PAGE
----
There are various approaches to assess emotional reactions to stimuli using discrete emotional categories (e.g., fear, anger, happiness etc.) or dimensional states [51]. In this study we choose the valence rating as an intuitive classification task to limit cognitive associations with the acoustic stimuli and the species or context. The valence rating was then used as a measurement for classification. Thus, we assumed that negative valence scores indicate a classification as an induced negative emotion (self-perspective) or as a negative emotional context ( = agonistic context; others-perspective) whereas positive valence scores indicate a classification as an induced positive emotion (self-perspective) or an classification as an positive emotional context ( = affiliative context; others-perspective). For the others-perspective we defined that participants recognized the emotional valence of a playback category correctly if the rated valence matched the assumed emotional valence of the recording context.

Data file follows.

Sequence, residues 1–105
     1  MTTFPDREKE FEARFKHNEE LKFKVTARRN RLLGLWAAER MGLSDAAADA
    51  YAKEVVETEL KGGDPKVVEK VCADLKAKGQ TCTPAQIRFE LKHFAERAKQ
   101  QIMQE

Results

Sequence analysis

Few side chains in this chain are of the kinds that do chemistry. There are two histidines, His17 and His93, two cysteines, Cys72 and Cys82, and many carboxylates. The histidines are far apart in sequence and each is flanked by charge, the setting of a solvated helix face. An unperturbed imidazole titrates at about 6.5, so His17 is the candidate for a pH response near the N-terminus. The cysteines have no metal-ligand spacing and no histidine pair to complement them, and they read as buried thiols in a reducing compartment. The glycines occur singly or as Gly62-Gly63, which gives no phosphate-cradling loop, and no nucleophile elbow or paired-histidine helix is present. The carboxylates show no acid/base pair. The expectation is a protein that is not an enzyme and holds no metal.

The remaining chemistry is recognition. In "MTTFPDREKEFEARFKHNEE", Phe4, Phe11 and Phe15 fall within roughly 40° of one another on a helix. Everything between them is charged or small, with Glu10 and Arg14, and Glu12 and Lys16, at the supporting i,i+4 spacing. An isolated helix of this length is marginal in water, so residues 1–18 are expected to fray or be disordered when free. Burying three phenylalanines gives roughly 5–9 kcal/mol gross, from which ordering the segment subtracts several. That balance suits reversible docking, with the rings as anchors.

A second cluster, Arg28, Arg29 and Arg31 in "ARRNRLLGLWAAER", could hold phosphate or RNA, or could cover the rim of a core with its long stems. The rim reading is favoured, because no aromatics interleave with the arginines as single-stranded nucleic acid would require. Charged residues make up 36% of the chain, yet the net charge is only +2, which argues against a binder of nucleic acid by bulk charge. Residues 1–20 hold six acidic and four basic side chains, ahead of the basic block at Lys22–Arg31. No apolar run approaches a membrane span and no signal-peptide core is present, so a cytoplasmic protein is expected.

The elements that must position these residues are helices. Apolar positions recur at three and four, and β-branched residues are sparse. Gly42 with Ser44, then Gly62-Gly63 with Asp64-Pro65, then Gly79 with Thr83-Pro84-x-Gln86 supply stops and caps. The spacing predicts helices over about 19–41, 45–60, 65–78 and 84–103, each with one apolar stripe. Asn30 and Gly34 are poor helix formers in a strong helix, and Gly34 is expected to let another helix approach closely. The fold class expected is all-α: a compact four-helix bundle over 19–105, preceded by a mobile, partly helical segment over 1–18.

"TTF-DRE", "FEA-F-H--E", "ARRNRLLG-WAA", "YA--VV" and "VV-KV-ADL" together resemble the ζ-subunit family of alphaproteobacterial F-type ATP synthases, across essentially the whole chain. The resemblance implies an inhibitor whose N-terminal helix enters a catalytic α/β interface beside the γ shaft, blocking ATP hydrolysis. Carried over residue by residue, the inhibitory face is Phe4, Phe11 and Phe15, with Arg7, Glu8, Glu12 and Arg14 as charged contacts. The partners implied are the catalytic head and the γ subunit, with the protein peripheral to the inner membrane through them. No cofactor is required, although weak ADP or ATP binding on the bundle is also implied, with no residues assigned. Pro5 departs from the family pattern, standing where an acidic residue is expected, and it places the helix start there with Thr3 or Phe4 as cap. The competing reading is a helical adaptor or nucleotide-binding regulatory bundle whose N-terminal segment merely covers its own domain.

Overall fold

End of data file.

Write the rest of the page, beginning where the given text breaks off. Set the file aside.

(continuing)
The fact that our assumption concerning species familiarity was not entirely supported by the objective familiarity measurement precluded the use of familiarity and phylogeny as two orthogonal factors in a repeated measurement ANOVA design. To account for this, we used the more general factor, species. Thus, we calculated a two-factorial repeated measurement ANOVA using the factors context (levels: agonistic and affiliative) and species (levels: human infant, dog, chimpanzee and tree shrew) to analyze the effects of context and species on valence ratings ( = VI). If the Mauchly's test indicated that the assumptions of sphericity are violated (p≤0.05), we corrected the degrees of freedom using Greenhouse-Geisser estimates of sphericity [52]. Using a one-sample t-test we tested whether the valence index was significantly different from zero. We defined a playback category as: (1) emotionally positive if the valence index was positive and significantly differed from zero, (2) emotionally negative if the valence index was negative and significantly differed from zero and (3) neutral if the valence index did not significantly differ from zero. Because of multiple testing we corrected the p-values of the one-sample t-test using a Bonferroni correction (pcorr). To investigate the effect of perspective on valence indices we conducted a three-factorial repeated measurement ANOVA using the factors: perspective (levels: self-perspective and others-perspective), context (levels: agonistic and affiliative) and species (levels: human infant, dog, chimpanzee and tree shrew). Further we conducted dependent t-tests comparing the self- with the others-perspective for each playback category and corrected the p-values using a Bonferroni correction (pcorr).